If I will be conducting vehicle operations, I use a pistol belt with a drop leg (OH GOD NO!) holster and knife rig (both up high) on my strong side It also has two pistol mags, my thermal would go on the weak side like the H harness, a roll up dump pouch, and a tac light pouch (pretty damn Spartan ain’t it?). This is attached to my pants belt with standard belt keepers.
One of the nice tings about a drop rig, is its ability to clear the bottom of a coat while being attached to the pants belt.
When it comes to body armor, if I use it (urban or fixed position defensive ops, and vehicle ops only) , I go with a slick Interceptor Body Armor (IBA) vest, with level 3 plates. With this set up, I can wear it under the tac vest, or MAV (as I did in Iraq), and there is nothing to get in the way.
So how does it all go together: Level 2A is as follows
H harness first with your survival supplies (buckle extender is for cold weather clothing), or the pistol belt/drop leg rig for vehicle ops
Level 2B would be your Tac vest, with the majority of your fighting supplies (keep the back clear), which if need be, you can ditch to run, and still have survival supplies on you (H harness)
Make sure you wear your belt load lower around your hips so it doesn’t interfere with the frame of your ruck (I use a Tac Tailor Malice 2 but that’s for another article) As far as weight goes. At its heaviest, in winter, with a 15 lb 7.62 nato rifle, eight extra mags, 80 rnds on strippers, and a 50 rnd drum my 2A/B gear weighs 70 lbs., and it’s a little lighter with an AKM, or an AR, since I just run that much more ammo with the lighter rifles. Yes it’s a lot of weight, no, I’m not sprinting with it on, but it’s what I train with, and I can always go lighter if I need more mobility. If you train worse case, everything else is easier, right?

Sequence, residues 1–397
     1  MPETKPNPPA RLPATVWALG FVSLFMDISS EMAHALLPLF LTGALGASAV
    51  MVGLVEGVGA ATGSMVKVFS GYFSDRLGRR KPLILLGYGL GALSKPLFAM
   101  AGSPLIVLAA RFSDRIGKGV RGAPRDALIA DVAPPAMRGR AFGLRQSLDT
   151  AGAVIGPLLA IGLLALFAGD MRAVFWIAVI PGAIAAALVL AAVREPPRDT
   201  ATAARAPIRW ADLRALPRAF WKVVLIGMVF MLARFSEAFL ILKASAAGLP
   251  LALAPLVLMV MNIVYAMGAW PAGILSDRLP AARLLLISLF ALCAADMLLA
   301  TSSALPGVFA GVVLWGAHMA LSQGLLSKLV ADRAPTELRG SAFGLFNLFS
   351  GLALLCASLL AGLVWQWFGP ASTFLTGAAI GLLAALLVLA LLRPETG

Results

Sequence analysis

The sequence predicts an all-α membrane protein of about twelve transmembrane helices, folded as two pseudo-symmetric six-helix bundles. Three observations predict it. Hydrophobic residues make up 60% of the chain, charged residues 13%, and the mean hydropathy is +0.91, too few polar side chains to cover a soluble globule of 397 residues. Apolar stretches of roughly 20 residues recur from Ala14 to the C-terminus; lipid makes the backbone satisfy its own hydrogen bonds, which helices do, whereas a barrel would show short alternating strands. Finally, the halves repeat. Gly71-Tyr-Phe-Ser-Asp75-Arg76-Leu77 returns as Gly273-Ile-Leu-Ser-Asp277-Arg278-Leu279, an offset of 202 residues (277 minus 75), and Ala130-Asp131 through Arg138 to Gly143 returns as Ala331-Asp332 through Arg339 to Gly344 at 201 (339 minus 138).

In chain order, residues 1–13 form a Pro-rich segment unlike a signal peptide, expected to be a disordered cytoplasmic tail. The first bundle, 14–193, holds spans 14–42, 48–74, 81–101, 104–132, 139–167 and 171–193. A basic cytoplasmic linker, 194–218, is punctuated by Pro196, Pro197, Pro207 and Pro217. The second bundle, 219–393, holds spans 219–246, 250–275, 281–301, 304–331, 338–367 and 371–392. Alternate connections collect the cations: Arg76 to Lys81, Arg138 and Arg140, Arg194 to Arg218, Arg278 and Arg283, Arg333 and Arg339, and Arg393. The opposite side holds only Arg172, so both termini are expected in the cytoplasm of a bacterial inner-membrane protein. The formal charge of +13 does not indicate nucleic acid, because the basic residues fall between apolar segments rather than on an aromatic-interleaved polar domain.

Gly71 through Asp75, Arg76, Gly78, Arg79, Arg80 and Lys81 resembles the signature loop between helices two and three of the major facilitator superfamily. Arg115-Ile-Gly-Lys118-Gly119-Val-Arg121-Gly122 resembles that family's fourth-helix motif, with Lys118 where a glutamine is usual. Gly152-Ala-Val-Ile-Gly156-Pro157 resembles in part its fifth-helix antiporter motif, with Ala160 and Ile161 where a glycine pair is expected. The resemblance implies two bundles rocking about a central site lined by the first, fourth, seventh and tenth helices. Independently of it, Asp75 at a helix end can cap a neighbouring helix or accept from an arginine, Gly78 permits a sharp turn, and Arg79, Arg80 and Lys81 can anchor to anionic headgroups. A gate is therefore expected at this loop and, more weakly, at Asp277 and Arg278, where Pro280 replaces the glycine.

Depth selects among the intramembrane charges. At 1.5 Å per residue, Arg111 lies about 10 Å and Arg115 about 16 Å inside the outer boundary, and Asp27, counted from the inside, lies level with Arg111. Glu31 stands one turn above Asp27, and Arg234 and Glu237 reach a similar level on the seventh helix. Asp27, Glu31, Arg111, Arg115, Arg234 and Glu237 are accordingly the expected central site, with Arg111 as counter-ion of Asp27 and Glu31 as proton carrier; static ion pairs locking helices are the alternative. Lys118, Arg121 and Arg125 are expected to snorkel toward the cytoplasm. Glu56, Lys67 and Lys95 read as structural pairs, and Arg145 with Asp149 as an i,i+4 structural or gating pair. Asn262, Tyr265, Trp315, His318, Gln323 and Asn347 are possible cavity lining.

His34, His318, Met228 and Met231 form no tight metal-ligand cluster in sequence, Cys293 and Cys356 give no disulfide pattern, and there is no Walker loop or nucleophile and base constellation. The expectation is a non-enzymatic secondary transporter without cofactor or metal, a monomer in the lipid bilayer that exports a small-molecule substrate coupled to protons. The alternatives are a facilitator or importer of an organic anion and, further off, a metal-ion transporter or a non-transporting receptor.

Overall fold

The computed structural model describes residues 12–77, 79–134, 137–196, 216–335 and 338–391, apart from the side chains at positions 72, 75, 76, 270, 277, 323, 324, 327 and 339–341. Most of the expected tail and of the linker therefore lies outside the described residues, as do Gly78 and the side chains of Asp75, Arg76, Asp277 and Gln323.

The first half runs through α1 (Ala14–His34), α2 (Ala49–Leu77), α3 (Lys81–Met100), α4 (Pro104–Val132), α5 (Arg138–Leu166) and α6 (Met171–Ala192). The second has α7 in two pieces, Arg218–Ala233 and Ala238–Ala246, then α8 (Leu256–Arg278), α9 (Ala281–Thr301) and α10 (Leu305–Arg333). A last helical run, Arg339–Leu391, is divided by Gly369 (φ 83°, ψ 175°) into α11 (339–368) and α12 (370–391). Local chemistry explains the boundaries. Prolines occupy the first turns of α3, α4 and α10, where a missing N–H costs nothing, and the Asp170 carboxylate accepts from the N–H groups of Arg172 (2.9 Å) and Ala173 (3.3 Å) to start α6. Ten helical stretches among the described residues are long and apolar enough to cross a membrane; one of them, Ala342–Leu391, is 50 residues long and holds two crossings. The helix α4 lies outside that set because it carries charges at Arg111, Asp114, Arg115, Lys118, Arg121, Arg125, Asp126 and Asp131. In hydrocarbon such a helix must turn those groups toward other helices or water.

Please keep something in mind, This is my way of doing it. I’ve been using load bearing gear for a little while now, and have found something that works for me, and have been using this system for six (seven) years now. These are just some thoughts I had on load bearing equipment (With a new change), from a users perspective, not a Modern Warfare 3 tacticool theorist. Enjoy (any questions, comment here, or email me at masondixontactical@Comcast.net )
American by BIRTH, Infidel by CHOICE